Don’t Get In The Way of This 40K Space Marine Costume
If you want to choose a costume that involves building armor, Warhammer 40K has a plethora of options. Instructables user Gary Sterley invested around 450 hours into building a Space Marine costume of the Crimson Fist. It’s only the second costume he ever built. I’m amazed. This is the first time he’s worked with foam and had to factor in building stilts. The armor is built from pieces of 1/2″ foam and the shapes were printed from pepakura files. Assembling the foam and reinforcing it seems straightforward.
Now that you have a pile of foam shapes cut out you will need to join the edges together to make your armor. It might be easier to do one piece at a time. You dont want to confuse pieces.
Use a hot glue gun to join the edges.This is going to take some time. I used over 100 sticks of hot glue once it was all said and done…. the big ones too. Refer back to the Pepakura files if you get confused during assembly.
oam is rather soft and bendable. Not a good thing when you are going to paint a piece. The paint will split if it bends too far. To eliminate the bending and make the armor rigid, I created internal skeletons of PEX tubing inside all of the larger pieces. The skeletons also serve as excellent attachment points for stringing the pieces together.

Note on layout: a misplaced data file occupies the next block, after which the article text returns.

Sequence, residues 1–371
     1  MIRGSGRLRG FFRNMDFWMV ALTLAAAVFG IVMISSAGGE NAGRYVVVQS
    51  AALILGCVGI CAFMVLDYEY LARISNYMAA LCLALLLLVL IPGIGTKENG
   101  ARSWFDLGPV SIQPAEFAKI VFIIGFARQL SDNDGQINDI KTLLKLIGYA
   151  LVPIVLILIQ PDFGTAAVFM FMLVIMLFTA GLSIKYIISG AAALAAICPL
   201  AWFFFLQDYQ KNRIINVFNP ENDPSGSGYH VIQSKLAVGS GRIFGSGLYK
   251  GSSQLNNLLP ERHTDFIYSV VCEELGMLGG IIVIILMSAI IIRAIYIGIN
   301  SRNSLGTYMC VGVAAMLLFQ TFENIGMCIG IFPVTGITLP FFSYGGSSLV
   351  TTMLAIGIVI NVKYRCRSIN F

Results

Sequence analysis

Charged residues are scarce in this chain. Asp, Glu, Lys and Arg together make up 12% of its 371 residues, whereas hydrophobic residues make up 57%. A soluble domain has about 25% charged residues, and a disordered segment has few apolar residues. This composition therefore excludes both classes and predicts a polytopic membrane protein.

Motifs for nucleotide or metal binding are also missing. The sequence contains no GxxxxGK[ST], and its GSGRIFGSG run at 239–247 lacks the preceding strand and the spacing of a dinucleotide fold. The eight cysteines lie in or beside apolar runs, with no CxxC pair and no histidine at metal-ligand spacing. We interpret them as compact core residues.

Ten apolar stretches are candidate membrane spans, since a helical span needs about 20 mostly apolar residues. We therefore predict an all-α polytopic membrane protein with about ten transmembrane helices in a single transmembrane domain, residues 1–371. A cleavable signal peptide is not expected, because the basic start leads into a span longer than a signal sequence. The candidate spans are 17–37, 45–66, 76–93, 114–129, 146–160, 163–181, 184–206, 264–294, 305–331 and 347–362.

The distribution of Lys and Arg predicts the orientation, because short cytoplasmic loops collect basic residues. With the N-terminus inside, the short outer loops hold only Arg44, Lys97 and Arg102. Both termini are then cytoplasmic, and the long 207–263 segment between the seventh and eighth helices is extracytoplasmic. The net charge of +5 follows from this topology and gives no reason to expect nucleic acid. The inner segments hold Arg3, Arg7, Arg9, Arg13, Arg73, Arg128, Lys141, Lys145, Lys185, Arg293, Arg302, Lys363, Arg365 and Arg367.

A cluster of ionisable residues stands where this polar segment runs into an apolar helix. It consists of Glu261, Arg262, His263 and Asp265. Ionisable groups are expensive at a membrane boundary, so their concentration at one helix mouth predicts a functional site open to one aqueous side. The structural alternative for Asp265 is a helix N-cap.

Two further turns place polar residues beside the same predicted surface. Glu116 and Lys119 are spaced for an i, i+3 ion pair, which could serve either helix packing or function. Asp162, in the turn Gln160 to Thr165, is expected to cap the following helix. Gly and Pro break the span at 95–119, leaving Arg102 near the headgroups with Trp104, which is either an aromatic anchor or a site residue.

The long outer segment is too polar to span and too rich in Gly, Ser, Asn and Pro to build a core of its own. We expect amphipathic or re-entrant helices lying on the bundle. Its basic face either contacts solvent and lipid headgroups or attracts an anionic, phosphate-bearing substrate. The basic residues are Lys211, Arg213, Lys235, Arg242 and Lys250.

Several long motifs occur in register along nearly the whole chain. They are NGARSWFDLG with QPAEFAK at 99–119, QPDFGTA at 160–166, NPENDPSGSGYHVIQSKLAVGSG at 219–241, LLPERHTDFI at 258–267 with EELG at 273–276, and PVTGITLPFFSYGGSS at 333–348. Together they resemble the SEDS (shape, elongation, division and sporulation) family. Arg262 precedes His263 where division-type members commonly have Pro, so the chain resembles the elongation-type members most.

Eink, E-paper, Think Ink – Collin shares six segments pondering the unusual low-power display technology that somehow still seems a bit sci-fi – http://adafruit.com/thinkink
Stop breadboarding and soldering – start making immediately! Adafruit’s Circuit Playground is jam-packed with LEDs, sensors, buttons, alligator clip pads and more. Build projects with Circuit Playground in a few minutes with the drag-and-drop MakeCode programming site, learn computer science using the CS Discoveries class on code.org, jump into CircuitPython to learn Python and hardware together, TinyGO, or even use the Arduino IDE. Circuit Playground Express is the newest and best Circuit Playground board, with support for CircuitPython, MakeCode, and Arduino. It has a powerful processor, 10 NeoPixels, mini speaker, InfraRed receive and transmit, two buttons, a switch, 14 alligator clip pads, and lots of sensors: capacitive touch, IR proximity, temperature, light, motion and sound. A whole wide world of electronics and coding is waiting for you, and it fits in the palm of your hand.